05 August, 2013

Outdoors with the... Wulong

Let's make hay while the sun shines.


1997 Xianfeng Jipin Anxi


First on the menu: a 1997 Xianfeng "Jipin Anxi", pictured above and below.


1997 Xianfeng Jipin Anxi


This sample was kindly provided by HC, and is wulong supreme.


1997 Xianfeng Jipin Anxi


Buttery, sweet, and smooth; charming, like old honey, long-lived in the throat.  I know next to nothing about wulong, but found this to be exceptional. 


1997 Xianfeng Jipin Anxi


I wonder where it comes from.  I can see this going down very well throughout the remainder of the summer...



Just one year younger, the 1998 Fenghuangshan ["Phoenix" mountain] dancong was also provided by HC.


1998 Fenghuangshan Dancong


I drink dancong about once every three years, and yet seem to have a pot dedicated to it.  I find this strange, and should consider repurposing the above for other uses.


1998 Fenghuangshan Dancong


"Not much here", notes my dear wife.  The soup is quite flat, while lightly roasted, and I suspect that it has tired throughout the years.  Certainly, it lacks the charm and zeal of the Xianfeng.
 
That said, everything tastes fine when one is out in the garden, hiding from the sun, under a willow tree.




With thanks to GV, we change gear and head into qingxiang [green scent] wulong territory, with a 2010 Alishan.


2010 Alishan


This Taiwanese tea is rolled, as shown above, in the usual manner and is a "self import", as GV notes on the label.  I've noticed that professors of finance do tend to travel quite a bit.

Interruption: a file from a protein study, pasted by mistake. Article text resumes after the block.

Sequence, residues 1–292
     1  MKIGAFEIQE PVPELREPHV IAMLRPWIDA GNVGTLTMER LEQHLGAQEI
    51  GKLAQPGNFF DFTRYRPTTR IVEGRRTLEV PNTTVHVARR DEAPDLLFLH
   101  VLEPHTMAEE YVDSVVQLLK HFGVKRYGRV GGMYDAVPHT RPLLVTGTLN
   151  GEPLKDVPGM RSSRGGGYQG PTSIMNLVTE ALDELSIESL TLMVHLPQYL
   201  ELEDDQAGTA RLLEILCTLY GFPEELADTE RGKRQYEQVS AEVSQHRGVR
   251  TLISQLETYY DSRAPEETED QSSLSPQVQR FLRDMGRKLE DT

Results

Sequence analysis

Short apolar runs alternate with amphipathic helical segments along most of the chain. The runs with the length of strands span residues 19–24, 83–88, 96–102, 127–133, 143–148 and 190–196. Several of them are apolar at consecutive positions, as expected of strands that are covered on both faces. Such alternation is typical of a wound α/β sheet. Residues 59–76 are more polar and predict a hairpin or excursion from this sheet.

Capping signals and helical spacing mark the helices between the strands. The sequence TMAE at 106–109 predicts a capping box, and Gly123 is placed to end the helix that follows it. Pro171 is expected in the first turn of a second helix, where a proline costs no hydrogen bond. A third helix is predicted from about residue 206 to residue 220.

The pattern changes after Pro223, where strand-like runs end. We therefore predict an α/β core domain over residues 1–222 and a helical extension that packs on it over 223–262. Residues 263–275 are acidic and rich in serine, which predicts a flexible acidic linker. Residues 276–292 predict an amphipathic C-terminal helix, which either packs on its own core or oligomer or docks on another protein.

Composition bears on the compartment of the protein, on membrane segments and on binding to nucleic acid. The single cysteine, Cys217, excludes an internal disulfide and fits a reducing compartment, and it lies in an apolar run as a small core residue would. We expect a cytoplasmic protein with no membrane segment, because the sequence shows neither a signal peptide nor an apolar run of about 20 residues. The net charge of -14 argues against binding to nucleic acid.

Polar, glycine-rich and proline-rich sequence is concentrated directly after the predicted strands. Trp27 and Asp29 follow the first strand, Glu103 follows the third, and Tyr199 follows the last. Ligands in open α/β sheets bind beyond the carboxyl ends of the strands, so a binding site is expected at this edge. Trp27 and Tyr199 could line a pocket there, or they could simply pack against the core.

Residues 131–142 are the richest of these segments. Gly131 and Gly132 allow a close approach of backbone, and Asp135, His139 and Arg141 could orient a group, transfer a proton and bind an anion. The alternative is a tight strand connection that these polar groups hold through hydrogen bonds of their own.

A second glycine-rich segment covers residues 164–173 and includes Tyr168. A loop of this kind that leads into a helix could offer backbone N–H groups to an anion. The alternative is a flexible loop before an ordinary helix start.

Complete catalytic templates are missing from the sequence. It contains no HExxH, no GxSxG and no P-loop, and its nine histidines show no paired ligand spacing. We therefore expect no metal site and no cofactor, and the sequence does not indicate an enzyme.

2010 Alishan


We last met when he came to visit me at my old college.  Being the totally hardcore teamaestro that he is, he even brought his own pyramid bag, filled with roasted wulong.  You have to admire that.


2010 Alishan


This is the last, and best, tea of the day.  Honeysuckle in aroma, sweet gingerbread in flavour, long-lasting in the throat, and with the longevity to taste excellent even after a dozen infusions, both my wife and I love it.  The day draws to a close as the water begins to cool.
 
Fantastic wulong.

6 comments:

Matt Kitchen said...

Yeah, so that tea table set-up is pretty fantastic. I want to see a post just on that.

Charles T. Draper said...

Dear Hobbes,

This is a nice change of pace and it's also interesting to get your views on oolongs. An absolute pleasure to read your writing. As always, I look forward to continuing my education through your knowledge.

All The Best,

Charles

Hobbes said...

Dear Matt,

Most kind - with thanks to the Chinese ladies for the garden and arrangement therein, however; I just do the heavy lifting and digging. :)


Toodlepip,

Hobbes

Hobbes said...

Dear Charles,

Too kind, as always - it is fun to have a change of pace out in the sunshine, and to write about something a little more easy-going, as I find wulong and dancong. "Purple" pu'ercha certainly fits that bill, however!


Toodlepip,

Hobbes

Ben said...

I will only use a gaiwan with most dancong teas. They are usually so delicate and in my experience a gaiwan can preserve the fragrance better than a yixing teapot. So maybe give the dancong one more try-- lightning quick infusions (at first) with boiling water in a thin walled gaiwan. Brew it sort of like a yan cha, but pack the gaiwan with less leaf.

Ben

Hobbes said...

Dear Ben,

A gaiwan is a good bet for a Dancong. The pot that I was using felt too porous, somehow, for the dancong which, as you rightly say, probably benefits from the glazed surfaces of the gaiwan. There is something that feels uncomfortable about the walls of a porous pot when brewing something as clean and fruity as dancong.

I have since repurposed the pot in the image as a shupu pot! It seems much more happy in its new role, where its porous nature does a good job of smoothing the rugged darkness of my various shupu.


Toodlepip,

Hobbes